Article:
Resolutions and Plain Old Solutions

With the new year nigh, it is once again that time to assess and reassess, to plan and prioritize, and to make extraordinary resolutions for the future.  In reality, resolutions are simply goals.  So in the spirit of this period of goal setting insanity, let’s delve a little bit into how to set feasible goals (for the purposes of business of course, fantastic and incredible journeys may still be applied to your personal resolutions 😉 ).

If you have read about or attended a seminar or class on goal setting, the SMART mnemonic will most likely have been encountered.  Generally, as applied to goal setting, this stands for: S – Specific, M – Measurable, A – Attainable, R – Relevant, T – Time-Bound.  The objective of applying this concept is to apply focus and constraints to a goal, rather than having it be very open ended and vague.

Goals, Resolutions, and SolutionsAs an example, let’s say the goal is to attend NAA University to increase your skills, knowledge, and earning potential.  Instead of setting your goal as “To attend NAA University,” employing SMART allows a more compelling goal, such as “To have passed the NAA University exam by June 1, 2012.”  It’s a small change, but it has a specific objective that is measurable and attainable, relevant to your career, and bound by time limits. Making this adjustment allows objectives to be set to achieve the goal via proper planning and time management, whereas being ambiguous leaves open multiple opportunities to let the goal slip through your fingers or be left until the last moment, where things would need to be rushed.

When establishing your goals use positive expression.  Doing so will aid in making the work involved with achieving it a positive experience, and each time you reference that goal will leave a constructive impression on you.  Using the above example, “To have passed the NAA University exam by June 1, 2012” will have a more encouraging bearing than “Don’t fail the NAA University exam when you’re taking it this spring.”  Be aware that sometimes you may need stronger language to help give the motivation you need to achieve a goal.  By strong language, think of altering our example to “I will pass the NAA University exam by June 1, 2012.”  Altering the wording in this manner can help to eliminate potential escape loopholes and excuses.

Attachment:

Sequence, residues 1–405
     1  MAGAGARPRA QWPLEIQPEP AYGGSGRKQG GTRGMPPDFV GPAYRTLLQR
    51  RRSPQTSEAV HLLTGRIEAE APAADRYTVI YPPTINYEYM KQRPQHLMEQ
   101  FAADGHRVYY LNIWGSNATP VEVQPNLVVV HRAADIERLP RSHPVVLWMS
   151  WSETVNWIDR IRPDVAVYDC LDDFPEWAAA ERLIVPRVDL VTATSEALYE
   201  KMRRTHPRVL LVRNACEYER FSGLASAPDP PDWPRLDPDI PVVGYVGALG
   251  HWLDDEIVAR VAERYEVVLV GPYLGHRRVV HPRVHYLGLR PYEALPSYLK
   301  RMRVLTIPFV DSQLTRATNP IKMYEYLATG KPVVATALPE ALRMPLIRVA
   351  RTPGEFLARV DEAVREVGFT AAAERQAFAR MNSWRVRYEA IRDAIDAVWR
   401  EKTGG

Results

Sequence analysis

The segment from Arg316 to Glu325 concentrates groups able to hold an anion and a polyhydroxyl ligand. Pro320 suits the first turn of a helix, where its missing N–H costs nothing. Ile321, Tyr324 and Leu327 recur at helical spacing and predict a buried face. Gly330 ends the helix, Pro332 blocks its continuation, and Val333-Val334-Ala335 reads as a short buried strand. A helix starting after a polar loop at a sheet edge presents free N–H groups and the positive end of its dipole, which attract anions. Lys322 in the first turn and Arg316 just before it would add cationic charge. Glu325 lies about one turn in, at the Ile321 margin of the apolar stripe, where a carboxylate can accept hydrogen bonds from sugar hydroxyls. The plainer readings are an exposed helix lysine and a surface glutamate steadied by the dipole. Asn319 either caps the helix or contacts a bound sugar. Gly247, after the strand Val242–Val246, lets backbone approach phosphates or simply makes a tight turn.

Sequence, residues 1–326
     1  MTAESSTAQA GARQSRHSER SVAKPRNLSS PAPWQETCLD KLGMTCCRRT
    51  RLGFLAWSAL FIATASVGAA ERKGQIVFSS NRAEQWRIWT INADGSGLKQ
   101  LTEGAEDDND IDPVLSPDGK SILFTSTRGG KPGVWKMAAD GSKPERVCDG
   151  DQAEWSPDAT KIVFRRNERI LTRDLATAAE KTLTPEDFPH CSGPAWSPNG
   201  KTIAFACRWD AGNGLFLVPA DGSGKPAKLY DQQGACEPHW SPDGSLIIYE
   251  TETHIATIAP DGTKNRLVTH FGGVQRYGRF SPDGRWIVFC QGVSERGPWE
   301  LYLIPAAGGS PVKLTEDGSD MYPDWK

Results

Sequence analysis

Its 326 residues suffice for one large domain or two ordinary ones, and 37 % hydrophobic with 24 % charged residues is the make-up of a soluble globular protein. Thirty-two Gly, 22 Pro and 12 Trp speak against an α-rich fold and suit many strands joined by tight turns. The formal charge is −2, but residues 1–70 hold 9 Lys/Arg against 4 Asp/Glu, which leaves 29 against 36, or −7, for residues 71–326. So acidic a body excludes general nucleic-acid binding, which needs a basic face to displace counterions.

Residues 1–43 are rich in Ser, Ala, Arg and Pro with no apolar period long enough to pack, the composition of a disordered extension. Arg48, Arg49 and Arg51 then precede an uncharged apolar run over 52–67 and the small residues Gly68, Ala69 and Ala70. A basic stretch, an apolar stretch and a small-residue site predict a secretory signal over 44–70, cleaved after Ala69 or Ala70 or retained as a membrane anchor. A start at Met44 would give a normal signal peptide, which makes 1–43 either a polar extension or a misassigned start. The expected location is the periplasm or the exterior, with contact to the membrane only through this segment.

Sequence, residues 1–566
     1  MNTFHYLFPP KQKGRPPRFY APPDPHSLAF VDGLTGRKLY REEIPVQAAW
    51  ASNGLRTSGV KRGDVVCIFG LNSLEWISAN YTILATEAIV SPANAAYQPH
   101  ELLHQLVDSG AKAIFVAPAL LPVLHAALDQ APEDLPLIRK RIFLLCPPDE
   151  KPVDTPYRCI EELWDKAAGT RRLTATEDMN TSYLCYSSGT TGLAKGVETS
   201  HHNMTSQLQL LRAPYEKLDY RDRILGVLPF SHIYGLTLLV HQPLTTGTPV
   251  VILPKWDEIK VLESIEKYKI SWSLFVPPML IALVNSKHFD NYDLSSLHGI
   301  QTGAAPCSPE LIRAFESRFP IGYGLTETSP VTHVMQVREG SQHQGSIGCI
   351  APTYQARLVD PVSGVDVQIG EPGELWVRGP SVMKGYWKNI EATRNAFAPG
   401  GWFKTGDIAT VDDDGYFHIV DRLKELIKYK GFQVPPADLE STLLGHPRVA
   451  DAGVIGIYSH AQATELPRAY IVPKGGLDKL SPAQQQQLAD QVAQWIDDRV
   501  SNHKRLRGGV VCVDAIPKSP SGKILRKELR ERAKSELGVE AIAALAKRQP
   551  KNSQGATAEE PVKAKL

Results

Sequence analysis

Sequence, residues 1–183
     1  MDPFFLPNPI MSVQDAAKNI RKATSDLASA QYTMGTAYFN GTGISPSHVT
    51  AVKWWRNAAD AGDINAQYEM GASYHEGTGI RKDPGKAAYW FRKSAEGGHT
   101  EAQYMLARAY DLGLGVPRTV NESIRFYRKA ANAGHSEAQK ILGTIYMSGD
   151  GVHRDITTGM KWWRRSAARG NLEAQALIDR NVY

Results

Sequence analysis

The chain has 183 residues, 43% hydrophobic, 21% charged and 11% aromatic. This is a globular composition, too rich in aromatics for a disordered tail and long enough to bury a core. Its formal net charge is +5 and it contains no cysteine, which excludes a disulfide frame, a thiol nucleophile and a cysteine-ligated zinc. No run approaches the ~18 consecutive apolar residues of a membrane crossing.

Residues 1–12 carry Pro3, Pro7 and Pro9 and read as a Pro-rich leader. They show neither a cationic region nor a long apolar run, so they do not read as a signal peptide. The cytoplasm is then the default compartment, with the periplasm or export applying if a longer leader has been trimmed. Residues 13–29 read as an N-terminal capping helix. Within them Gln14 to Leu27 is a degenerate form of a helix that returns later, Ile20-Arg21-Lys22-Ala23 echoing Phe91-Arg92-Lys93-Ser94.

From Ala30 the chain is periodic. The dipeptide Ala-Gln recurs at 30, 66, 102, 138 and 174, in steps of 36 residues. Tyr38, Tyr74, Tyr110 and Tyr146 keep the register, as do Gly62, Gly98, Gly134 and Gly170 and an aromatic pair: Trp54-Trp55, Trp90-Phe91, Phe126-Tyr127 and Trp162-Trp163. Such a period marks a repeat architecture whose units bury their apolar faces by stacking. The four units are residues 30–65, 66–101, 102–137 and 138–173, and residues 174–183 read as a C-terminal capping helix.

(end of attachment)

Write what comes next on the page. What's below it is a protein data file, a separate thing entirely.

Record your goals somewhere and place them in a visible spot.  Putting them in ink, so to speak, will help to cement and hold you accountable for them.  Remember your time management techniques and don’t be afraid to prioritize multiple goals and make an actionable plan to achieve them.  This is frequently overlooked, but leaving out this step is sabotaging your efforts.  Have your plan together and stick with it!

While it’s important that your goals are realistic and attainable, don’t be afraid to challenge yourself with stretch goals.  These are excellent for developing skills and your character.  Remember that it is okay not to meet a goal too.  Strive to meet or exceed them, but realize it isn’t always possible, and simply take what you can learn from the experience and use it to further empower your efforts on the next one.

From all of us here at National Agents Alliance headquarters, Happy New Year!  We all look forward to continued fun and success in 2012!


5 responses to “Resolutions and Plain Old Solutions

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